Carson played part of four season with the Wings in the early 1990s.  He started his career with the Los Angeles Kings before being traded to the Edmonton Oilers in the Wayne Gretzky deal.  The Oilers traded him to the Red Wings early in the 1989-90 season and the Wings sent him back to LA in 1993.  He closed out his NHL career with stints in Vancouver and Hartford, then retired from hockey after two years with the IHL’s Detroit Vipers.

Polonich played his entire NHL career in Detroit, serving as team captain during the 1976-77 season while Danny Grant was injured.  He was famously injured by Wilf Paiement of the Colorado Rockies in a 1978 game when Paiement smashed him in the face with his stick.  Polonich was sent down to the AHL’s Adirondack Red Wings in 1983 and never made it back into the NHL.  He closed out his career with two season’s with the IHL’s Muskegon Lumberjacks in 1986 and 1987.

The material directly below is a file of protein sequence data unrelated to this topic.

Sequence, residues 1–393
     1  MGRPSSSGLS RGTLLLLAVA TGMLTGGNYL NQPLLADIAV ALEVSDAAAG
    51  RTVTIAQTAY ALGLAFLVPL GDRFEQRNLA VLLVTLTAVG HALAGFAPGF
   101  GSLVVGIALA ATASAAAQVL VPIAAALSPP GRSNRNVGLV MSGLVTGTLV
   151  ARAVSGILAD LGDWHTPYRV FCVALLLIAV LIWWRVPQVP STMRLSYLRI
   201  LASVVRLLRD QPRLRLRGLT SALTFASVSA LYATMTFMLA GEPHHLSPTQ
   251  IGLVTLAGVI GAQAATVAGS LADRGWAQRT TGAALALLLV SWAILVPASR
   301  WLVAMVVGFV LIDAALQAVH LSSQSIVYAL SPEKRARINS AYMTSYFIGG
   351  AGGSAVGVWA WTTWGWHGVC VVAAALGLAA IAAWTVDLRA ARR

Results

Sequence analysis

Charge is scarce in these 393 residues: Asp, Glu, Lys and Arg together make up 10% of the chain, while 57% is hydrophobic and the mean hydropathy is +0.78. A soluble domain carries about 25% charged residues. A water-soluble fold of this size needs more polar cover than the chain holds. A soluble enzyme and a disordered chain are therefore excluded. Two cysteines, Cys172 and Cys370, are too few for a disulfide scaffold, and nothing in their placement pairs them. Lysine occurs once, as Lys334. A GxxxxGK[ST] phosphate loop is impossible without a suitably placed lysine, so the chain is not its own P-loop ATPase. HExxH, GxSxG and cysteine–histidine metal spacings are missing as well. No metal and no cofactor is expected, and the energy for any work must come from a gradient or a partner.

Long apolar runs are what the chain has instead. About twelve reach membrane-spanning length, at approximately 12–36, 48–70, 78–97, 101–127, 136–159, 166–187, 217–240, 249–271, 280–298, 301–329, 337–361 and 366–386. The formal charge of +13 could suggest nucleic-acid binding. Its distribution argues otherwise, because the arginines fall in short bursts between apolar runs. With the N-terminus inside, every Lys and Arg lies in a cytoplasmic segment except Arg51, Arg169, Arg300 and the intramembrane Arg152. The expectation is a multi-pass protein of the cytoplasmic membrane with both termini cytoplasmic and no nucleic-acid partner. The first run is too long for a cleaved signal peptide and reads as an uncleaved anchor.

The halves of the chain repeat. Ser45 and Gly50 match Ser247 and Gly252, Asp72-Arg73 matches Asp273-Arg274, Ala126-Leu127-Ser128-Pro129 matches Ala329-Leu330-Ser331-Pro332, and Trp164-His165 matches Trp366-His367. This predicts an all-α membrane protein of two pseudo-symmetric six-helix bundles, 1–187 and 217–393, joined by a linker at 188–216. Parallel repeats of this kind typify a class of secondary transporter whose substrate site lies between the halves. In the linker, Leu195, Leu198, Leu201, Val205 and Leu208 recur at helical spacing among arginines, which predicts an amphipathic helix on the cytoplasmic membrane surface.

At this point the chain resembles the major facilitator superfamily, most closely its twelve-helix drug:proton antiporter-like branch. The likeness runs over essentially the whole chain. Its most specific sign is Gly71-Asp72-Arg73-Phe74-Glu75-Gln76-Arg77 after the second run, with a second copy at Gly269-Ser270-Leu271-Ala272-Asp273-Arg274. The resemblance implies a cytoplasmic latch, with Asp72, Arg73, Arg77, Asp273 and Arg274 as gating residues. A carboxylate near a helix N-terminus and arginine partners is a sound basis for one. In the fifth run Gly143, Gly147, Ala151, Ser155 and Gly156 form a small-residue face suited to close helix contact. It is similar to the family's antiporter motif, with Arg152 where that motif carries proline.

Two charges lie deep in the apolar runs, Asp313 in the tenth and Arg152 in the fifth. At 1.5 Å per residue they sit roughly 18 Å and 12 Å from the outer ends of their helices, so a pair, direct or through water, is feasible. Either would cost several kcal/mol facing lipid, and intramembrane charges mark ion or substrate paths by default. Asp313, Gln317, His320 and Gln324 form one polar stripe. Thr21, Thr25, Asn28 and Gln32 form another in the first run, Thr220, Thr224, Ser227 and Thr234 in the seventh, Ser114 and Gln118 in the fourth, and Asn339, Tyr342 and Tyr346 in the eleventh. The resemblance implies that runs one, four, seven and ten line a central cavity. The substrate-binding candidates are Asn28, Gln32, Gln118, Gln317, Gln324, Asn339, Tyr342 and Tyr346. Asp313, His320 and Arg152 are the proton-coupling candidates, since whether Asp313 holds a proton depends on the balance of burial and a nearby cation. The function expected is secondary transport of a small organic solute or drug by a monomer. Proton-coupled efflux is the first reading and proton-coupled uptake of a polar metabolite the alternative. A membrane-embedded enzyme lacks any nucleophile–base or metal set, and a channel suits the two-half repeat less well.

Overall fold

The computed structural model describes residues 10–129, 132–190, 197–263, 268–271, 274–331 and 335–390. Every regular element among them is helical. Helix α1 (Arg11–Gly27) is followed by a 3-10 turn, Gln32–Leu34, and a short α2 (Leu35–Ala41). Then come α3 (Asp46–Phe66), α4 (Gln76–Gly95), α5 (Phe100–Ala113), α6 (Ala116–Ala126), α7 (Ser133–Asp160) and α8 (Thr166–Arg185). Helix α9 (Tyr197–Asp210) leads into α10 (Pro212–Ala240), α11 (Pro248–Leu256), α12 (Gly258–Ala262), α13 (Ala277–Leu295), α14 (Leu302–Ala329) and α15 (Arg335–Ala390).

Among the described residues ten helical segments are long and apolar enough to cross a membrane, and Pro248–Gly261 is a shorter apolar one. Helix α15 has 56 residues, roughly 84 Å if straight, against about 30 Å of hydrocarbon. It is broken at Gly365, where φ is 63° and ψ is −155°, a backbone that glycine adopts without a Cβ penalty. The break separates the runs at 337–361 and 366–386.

The Maple Leafs added Tie Domi, Brad May, and Dave “Tiger” Williams.  May and Williams also spent time with the Red Wings over their careers.

The following players are confirmed to appear at the Alumni Showdown:

Red Wings
Red Berenson
Jimmy Carson
Dino Ciccarelli
Alex Delvecchio
Kris Draper
Sergei Fedorov
Joe Kocur
Martin Lapointe
Igor Larionov
Ted Lindsay
Kirk Maltby
Darren McCarty
John Ogrodnick
Dennis Polonich
Mickey Redmond
Luc Robitaille

Chris Chelios
Paul Coffey
Mathieu Dandenault
Jiri Fischer
Viacheslav Fetisov
Mark Howe
Vladimir Konstantinov
Larry Murphy
Aaron Ward

Chris Osgood
Mike Vernon

Maple Leafs
Dave Andreychuk
Wendel Clark
Russ Courtnall
Vincent Damphousse
Bill Derlago
Tie Domi
Ron Ellis
Doug Gilmour
Gary Leeman
Kevin Maguire
Brad May
Lanny McDonald
Gary Roberts
Darryl Sittler
Darcy Tucker
Rick Vaive
Tiger Williams

Dave Ellett
Jim McKenny
Bryan McCabe
Bob McGill

Johnny Bower
Curtis Joseph
Mike Palmateer
Felix Potvin

Four of “Russian Five” to Appear at Alumni Showdown

The Detroit Red Wings announced on Thursday that four members of the famous “Russian Five” will appear at the Alumni Showdown on December 31 at Comerica Park.